Spring and summer weather in the Alps can be fickle. It was a misty morning with gray skies and fog on the mountains when I arrived at Heger’s shop on the banks of the Weisse Traun. But the mist soon evaporated as the overcast skies lifted. Periodically, the sun tried to burn through.
To my question of where we would fish, Heger pointed across the river.
“"There have been some big fish over there,” he said. “I want you to catch one.”
We would fish with Larry Walks, a native of Wimbledon, N.D., who nearly 30 years ago retired from the Army in Germany and now lives in Luppersritt.
We crossed the road bridge near the shop and began fishing a side canal of the river 50 yards upstream, just above a wooden pedestrian bridge. Immediately we could see a large rainbow trout finning in the current beneath the narrow span.
I deferred to Walks, who drifted an Adams over the fish a half-dozen times before switching to a Blue-Winged Olive emerger. The fish took the emerger immediately and Walks had a five-minute battle before Heger finally netted it.
I moved upriver with Toni Hutterer, another friend of Heger’s. It was a contradictory scene: On both sides of the bridge were warehouses, parking lots and the loading docks of a bottled water plant. High overhead a huge conveyer belt spanned the water between the buildings. But in the pristine water below, dozens of big rainbows cruised a deep pool below a concrete bridge.
“Look at them!” Hutterer said. “It’s like a fish farm.”
I quickly hooked and landed a 19-incher on a No. 14 Beadhead March Brown. But for 20 minutes the other fish ignored all offerings, occasionally flashing at the flies but not taking.
Finally a big rainbow grabbed a No. 10 Beadhead Stonefly, greyhounding away on the first of three long runs. When I finally eased it into the net it looked even bigger than it had in the water.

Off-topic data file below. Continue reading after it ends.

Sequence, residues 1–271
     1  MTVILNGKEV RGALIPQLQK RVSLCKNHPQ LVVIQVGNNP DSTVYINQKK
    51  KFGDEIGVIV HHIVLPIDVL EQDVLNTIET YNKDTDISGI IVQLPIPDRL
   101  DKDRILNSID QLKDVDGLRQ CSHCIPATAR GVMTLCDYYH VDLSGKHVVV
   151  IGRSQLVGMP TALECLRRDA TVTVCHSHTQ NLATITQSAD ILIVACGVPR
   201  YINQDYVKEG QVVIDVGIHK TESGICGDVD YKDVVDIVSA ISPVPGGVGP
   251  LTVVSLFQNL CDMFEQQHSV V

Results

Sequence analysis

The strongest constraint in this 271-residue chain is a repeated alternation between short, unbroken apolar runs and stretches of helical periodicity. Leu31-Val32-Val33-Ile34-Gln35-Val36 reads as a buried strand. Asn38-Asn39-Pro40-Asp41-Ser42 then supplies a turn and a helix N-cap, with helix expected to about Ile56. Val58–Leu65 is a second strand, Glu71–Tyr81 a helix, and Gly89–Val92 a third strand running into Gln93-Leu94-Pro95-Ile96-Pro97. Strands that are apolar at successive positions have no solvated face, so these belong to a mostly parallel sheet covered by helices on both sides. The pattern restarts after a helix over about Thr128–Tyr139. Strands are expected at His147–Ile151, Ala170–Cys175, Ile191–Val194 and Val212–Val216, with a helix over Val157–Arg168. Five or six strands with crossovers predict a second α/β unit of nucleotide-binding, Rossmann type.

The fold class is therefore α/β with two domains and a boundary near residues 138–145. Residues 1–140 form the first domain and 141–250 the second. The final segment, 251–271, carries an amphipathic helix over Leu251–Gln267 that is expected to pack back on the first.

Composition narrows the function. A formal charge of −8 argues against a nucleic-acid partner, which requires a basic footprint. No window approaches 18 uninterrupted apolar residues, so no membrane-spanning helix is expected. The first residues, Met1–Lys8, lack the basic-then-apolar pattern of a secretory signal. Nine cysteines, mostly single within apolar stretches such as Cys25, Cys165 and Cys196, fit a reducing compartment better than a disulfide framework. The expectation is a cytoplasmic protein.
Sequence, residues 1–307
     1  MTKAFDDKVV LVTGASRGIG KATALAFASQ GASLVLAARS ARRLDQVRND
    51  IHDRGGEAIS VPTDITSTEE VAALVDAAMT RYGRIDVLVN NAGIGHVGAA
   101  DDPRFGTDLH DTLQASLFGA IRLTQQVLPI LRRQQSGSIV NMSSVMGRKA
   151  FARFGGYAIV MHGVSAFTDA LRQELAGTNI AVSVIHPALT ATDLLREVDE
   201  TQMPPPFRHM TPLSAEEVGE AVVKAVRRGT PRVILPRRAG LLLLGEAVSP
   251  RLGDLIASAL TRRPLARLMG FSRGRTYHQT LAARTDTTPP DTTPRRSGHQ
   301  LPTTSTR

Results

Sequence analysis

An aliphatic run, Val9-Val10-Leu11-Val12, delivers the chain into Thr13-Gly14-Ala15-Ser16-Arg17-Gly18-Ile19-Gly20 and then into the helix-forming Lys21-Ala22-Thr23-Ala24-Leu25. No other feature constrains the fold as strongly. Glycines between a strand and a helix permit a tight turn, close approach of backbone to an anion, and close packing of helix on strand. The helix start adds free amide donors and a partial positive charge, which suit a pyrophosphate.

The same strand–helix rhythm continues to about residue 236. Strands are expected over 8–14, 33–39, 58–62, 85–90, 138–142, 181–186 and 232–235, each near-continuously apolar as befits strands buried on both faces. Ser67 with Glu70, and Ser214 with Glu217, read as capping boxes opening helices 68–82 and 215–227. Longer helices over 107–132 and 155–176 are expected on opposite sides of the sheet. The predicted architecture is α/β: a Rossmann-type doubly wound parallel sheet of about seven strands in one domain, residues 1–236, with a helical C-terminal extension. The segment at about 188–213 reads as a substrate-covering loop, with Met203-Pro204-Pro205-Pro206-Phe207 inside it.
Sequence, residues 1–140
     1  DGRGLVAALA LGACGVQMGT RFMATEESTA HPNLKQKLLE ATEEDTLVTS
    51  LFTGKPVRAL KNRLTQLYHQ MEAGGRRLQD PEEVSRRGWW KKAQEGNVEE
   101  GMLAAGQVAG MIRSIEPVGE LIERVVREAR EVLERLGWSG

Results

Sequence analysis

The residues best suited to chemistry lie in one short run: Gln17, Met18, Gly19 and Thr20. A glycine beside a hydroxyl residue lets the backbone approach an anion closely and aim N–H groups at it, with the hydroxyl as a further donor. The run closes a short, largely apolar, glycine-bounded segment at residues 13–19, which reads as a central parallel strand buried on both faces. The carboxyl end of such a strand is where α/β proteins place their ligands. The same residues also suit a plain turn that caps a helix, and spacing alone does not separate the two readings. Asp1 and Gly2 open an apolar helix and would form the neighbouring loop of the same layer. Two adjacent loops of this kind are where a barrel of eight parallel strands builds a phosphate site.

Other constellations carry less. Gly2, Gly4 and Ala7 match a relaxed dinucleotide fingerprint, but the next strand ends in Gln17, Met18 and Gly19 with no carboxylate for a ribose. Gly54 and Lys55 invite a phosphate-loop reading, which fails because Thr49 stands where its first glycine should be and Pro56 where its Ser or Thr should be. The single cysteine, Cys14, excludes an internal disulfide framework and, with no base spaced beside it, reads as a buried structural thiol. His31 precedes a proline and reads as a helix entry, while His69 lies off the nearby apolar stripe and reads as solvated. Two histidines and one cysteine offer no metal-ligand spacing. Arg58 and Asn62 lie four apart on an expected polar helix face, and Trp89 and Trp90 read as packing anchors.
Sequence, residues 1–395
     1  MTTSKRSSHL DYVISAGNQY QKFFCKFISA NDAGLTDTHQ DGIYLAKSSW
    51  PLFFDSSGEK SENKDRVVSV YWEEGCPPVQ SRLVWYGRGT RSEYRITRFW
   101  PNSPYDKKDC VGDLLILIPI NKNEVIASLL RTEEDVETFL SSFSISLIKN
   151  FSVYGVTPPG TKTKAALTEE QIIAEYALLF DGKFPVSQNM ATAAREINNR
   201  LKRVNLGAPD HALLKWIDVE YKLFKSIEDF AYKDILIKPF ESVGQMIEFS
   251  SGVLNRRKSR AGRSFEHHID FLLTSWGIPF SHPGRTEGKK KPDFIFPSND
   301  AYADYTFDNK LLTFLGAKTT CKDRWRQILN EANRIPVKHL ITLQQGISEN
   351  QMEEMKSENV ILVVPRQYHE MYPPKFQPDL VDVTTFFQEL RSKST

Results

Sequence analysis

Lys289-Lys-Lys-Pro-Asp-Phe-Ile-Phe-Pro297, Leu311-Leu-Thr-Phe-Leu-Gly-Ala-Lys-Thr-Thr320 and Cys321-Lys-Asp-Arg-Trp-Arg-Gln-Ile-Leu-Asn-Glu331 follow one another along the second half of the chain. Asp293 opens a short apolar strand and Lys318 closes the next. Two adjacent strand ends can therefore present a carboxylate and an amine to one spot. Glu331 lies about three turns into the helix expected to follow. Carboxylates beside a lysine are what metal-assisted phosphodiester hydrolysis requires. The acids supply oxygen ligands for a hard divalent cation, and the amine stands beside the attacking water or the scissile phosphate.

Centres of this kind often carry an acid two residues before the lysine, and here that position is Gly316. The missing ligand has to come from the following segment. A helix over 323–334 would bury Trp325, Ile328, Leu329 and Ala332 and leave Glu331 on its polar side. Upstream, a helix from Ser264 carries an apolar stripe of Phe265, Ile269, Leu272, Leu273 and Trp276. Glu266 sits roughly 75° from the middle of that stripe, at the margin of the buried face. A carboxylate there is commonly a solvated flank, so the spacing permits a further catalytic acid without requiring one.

The river was so cold, it hurt my hand when I held the fish facing into the current to revive it. Unlike the spring-fed Wiesent, which has a consistent year-round temperature of about 55 degrees, the Traun is watered by glaciers.
Walks moved upstream and began fishing 50 yards below us. In a few minutes he also landed a big rainbow and two other respectable fish. With the numbers of fish, it was a hard spot to leave, but action slowed and finally came to a standstill.
We drove about seven miles to Traunstein and the exponentially bigger, wilder Deutsche Traun. The river was bordered by meadows and forests and we had it to ourselves. We split up and spread out to enjoy the semi- solitude.
When we met up two hours later, Walks had caught two huge rainbows and Heger and I had landed respectable browns and rainbows.
After replenishing our strength with goulash and Apfelschorle, a mixture of apple juice and sparkling water, at the Edelweiss guesthouse in Siegsdorf, we finished the day on the smallest of Heger’s leased waters, the Rote Traun.
Heger caught three browns but Walks and I, both exhausted, got skunked. It didn’t diminish the day’s fine points one bit, and as I drove back to Munich in the rain, I could think of two boys, who, had they been there, would have enjoyed the whole experience.
Norm Zeigler is a former Stars and Stripes reporter now living in Florida.
Know and Go ...Anglers who want to fish the Wiesent River at Streitberg can get permits at Haus Marind’l / Pension Gebhard just off route 470, the highway that follows the Wiesent Valley. Guests who stay at the guesthouse are given preference.
Permits cost 5 euros per day for overnight guests and 10 euros per day for others. Interested parties should contact the owner, Fritz Gebhard, Haus Mariand’l/ Pension Gebhard, Weingarten 3, 91346 Markt Wiesenttal-Streitberg; telephone (+49) (0) 9196/1292.
Accommodations cost 18 euros per person for one night, 16 euros per night for up to three nights and 14 euros per night for four or more.
To fish the Siegsdorf area, contact: Rudi Heger GmbH, Traun River Products, Hauptstrasse 4, 93313 Siegsdorf; telephone (+49) (0) 8662 7079; or e-mail firstname.lastname@example.org. Permit price for the Deutsche Traun, Weisse Traun and Rote Traun is 35 euros daily. In May and on Saturdays and Sundays there is a surcharge of 10 euros.
— Norm Zeigler